phantasma goria exposed by shadows dissolving into borrowed wings eclipsed by casting out light
I’m behind a few weeks on posting my contributions to the Kick-About, but this is the most recent, a collage inspired by Sheila Legge’s Phantom of Surrealism, above. Masked in roses, she was photographed in a white dress and gloves, surrounded by pigeons in Trafalgar Square, a performance inspired by a painting by Dali.
I was drawn to the statuesque quality of the photo, particularly given the location, and I can never resist using birds in a collage.
And of course we all don our own masks–some are just more obvious than others.
Why must we always quantify? 4, 3, 10. Add, subtract, multiply. Divide.
My prose poem, Aggregated, based on a painting by Hilma af Klint, was among those selected as a finalist in The Ekphrastic Review Women Artists contest. You can read the entire poem and see all the finalists here. The three winning selections are here.
“Ecosystems are so similar to human societies—they’re built on relationships. The stronger they are, the more resilient the system.”—Suzanne Simard, Finding the Mother Tree
we keep dividing designating a hierarchy to pull what we share apart
and so each of us is missing parts each of us is incomplete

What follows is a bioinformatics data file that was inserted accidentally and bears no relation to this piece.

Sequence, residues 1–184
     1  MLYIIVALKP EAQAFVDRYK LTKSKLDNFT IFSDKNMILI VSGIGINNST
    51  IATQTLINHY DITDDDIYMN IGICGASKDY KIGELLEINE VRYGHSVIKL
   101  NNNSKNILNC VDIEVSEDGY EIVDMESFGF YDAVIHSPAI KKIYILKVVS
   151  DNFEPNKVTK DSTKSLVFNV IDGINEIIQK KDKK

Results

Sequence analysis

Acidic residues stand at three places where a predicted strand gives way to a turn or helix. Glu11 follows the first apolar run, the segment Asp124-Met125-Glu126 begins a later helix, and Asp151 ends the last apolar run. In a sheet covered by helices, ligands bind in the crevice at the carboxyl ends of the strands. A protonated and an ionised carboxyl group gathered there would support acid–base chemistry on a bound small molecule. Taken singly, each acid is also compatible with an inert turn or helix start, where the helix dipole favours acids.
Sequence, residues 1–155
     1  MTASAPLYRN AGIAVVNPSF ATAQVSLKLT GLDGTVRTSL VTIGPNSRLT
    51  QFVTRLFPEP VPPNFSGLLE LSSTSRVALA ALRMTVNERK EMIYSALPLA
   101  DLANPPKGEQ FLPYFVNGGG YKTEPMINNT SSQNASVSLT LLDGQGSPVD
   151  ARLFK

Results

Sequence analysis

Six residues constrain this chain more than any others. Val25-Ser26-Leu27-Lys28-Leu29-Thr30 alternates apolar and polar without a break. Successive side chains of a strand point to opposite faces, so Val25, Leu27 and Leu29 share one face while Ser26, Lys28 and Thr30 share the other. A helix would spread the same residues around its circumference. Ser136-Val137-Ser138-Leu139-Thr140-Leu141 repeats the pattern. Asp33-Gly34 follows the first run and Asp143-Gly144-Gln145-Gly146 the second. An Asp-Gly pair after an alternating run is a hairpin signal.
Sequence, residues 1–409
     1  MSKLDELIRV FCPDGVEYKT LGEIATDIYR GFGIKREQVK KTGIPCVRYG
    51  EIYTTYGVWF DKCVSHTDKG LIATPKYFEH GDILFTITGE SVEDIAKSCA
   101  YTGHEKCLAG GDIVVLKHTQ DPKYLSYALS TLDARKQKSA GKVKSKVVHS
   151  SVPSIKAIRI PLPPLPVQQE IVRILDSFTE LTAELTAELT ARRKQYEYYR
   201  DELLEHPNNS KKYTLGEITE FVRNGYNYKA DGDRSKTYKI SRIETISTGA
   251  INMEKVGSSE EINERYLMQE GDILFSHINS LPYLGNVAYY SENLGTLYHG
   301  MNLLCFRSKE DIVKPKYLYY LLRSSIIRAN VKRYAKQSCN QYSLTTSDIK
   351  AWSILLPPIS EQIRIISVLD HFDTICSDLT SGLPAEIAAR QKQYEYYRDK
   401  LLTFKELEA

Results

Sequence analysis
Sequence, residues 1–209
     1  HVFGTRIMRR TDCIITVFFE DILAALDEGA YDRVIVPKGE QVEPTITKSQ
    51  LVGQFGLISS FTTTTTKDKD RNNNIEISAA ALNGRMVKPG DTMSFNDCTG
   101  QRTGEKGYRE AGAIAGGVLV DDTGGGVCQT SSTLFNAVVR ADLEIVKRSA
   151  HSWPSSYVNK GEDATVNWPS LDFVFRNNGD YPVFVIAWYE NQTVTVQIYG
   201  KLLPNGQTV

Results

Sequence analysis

why do we cling to our separation our isolation who we think we are alone?
the foundation is faltering and still we hold on
collapsing into the deep hole of ourselves
During a presentation Suzanne Simard made, early in her career, about her research into the interrelationships between trees and other species in the forest, and how all were necessary in order for the forest to thrive, she mentioned also the threat to climate from disrupting these systems. “Climate change means nothing in Canada” one of the audience said afterwards.
The Oracle got a makeover from MagneticPoetry.com. It’s going to take getting used to. I used the new “happiness” category. I can use some, after reading the news this morning.
When I saw the Oracle’s message, I immediately thought of Sun Ra, an artist of living, not just music, that my older brother introduced me to when we were teenagers. “Space is the Place” was a title he used for many different pieces of art.
I had titled these birdling collages from my archives “birdlings in space”. The birdlings make me happy no matter where they are.
where is wonder? make time for space alive with possibility– between comes whispering– soon surprise will follow